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Mayor Murray, U.S. Senator Murray and U.S. Senator Cantwell applaud $45 million grant for Lander Street Bridge project

Mayor Ed Murray, U.S. Senator Patty Murray, and U.S. Senator Maria Cantwell today applauded the approval of $45 million in federal grant funds for the City’s South Lander Street Bridge Project. After a 60-day congressional review period, the US Department of Transportation finalized its FASTLANE Grant Program’s recommendations with the Lander Street Project receiving the largest grant award in Washington state.

The Seattle Department of Transportation (SDOT) project seeks to construct a long sought after bridge on South Lander Street over the railroad tracks between First and Fourth Avenues South in Seattle’s SODO district to improve traffic operations, freight mobility, and safety. The project especially supports mobility for the local manufacturing sector, promoting middle class, family-wage jobs that support economic vitality in the Puget Sound region.

“The South Lander Street Bridge project is critical for creating a safer, more mobile SODO neighborhood for cars, pedestrians, and bicycles in this key freight corridor,” said Mayor Murray. “This project has long been identified as a high priority, with Seattle voters approving $20 million in dedicated funding through the Move Seattle levy in 2015. Thank you to Senators Patty Murray and Maria Cantwell for their leadership at the federal level and the U.S. Department of Transportation for contributing to this important infrastructure project that will promote safer mobility and protect family-wage jobs in the industrial heart of Seattle.”

“This investment will produce real results—not only for the city of Seattle, but for our entire state’s economy,” said U.S. Senator Patty Murray. “I’m proud to see the federal government being a good partner to our state and our communities, and I will continue to push for investments that help our transportation systems become safer, more efficient, and able to meet the demands of our 21st century economy.”

“Washington state’s economy and regional jobs depend on being able to move freight quickly and efficiently,” said U.S. Senator Maria Cantwell. “At Lander Street alone, Washington state loses $9.5 million a day in economic activity because of train, truck, and urban traffic congestion. By addressing this bottleneck, we will speed up freight movement to the Ports of Seattle and Tacoma, fuel our export economy and generate significant job growth.”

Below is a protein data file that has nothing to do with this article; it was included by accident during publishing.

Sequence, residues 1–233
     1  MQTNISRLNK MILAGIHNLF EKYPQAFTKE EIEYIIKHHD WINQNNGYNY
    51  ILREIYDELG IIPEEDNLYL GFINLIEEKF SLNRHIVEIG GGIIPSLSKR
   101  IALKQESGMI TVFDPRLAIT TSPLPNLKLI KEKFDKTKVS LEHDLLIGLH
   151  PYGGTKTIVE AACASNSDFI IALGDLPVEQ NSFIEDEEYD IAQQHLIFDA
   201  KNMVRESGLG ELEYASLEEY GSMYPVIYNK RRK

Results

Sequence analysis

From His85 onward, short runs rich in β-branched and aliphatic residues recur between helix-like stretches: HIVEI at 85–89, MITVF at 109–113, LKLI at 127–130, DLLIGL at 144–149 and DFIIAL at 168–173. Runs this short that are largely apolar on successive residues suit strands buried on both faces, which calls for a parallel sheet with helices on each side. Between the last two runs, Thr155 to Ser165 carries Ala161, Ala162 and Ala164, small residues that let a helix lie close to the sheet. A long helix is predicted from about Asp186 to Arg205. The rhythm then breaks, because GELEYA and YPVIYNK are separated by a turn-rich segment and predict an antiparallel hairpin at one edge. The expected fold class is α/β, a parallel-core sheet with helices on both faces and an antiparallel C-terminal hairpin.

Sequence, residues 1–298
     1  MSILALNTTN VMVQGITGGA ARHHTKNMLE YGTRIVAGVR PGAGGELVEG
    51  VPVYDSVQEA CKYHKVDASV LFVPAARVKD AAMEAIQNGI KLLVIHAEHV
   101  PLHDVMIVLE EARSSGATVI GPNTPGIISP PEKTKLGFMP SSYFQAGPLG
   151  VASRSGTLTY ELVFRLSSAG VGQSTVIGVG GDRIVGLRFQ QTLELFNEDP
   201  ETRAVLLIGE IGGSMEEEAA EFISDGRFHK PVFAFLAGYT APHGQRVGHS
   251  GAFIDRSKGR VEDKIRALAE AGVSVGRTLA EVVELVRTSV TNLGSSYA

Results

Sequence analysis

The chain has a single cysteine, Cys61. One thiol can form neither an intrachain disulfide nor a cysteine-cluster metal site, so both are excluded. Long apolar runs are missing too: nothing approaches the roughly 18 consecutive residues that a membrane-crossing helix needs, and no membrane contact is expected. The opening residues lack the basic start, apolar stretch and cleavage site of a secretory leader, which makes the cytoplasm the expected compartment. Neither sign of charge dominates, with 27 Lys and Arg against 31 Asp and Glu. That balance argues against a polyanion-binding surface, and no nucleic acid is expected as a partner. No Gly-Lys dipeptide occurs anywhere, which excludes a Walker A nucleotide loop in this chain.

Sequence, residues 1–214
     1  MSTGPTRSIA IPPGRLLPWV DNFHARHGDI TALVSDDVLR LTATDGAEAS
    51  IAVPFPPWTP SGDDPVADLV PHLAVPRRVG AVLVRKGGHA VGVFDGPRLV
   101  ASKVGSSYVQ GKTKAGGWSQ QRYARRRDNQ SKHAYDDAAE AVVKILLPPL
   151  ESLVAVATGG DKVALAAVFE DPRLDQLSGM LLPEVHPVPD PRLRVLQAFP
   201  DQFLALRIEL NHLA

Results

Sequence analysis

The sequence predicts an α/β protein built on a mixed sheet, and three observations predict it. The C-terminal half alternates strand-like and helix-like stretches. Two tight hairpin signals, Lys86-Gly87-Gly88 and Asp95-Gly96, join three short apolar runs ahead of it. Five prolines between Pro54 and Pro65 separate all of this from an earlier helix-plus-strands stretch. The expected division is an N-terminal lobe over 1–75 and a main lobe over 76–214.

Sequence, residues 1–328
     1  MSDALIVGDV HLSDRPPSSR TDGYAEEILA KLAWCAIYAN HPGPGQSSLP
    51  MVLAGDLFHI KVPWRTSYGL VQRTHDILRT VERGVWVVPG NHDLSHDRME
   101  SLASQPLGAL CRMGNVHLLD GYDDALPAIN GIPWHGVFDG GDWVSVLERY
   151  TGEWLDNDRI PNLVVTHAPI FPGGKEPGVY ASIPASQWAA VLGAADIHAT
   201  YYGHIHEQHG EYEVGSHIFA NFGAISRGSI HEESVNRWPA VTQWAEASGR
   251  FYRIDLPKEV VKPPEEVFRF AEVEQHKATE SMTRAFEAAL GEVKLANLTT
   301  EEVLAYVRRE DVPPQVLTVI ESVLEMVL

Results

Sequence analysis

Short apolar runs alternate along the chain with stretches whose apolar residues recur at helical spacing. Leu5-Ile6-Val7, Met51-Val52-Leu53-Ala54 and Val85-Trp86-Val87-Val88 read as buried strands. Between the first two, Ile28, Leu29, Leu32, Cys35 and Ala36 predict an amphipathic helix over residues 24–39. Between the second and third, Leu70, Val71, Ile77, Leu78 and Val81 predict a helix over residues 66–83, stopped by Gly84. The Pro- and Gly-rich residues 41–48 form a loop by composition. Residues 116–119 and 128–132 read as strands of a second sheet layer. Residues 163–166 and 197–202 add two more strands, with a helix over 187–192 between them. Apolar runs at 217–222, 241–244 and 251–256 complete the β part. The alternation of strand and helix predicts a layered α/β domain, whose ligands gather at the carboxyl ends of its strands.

South Lander Street is an essential east-west corridor serving Port of Seattle freight, commuters, pedestrians, and bicyclists, as well as King County Metro buses. Every day, South Lander Street is closed for more than 4.5 hours due to rail traffic, impacting approximately 13,000 vehicles that use the street daily. More than 16 percent of those are buses, trucks serving the Port of Seattle or vehicles supporting local manufacturing.

The new bridge will provide safe connections for 1,400 pedestrians daily, primarily traversing between the SODO light rail station and area employers. This project will remove all at-grade access to the tracks at that location, completely eliminating the safety risk. In the past five years, three fatalities have occurred between trains and pedestrians there and an average of 485 track violations occur daily as cars, pedestrians and bicycles cross the tracks when the safety gates are deployed.

The new Federal FASTLANE Grant Program was created by Senator Cantwell as part of the Fixing America’s Surface Transportation (FAST) Act and passed by Congress in late 2015 to fund critical freight and highway projects across the country.

The $45 million grant award, combined with $20 million from the City’s Move Seattle Levy and contributions from other grants and funding partners, brings the City within $40 million of full funding for the $140 million Lander Street project. The new four-lane bridge will provide a reliable east-west connection for all modes of traffic, improving safety and mobility in the area. The project will break ground in early 2018, pending receipt of remaining funding.

For more information about the South Lander Street Bridge Project, please visit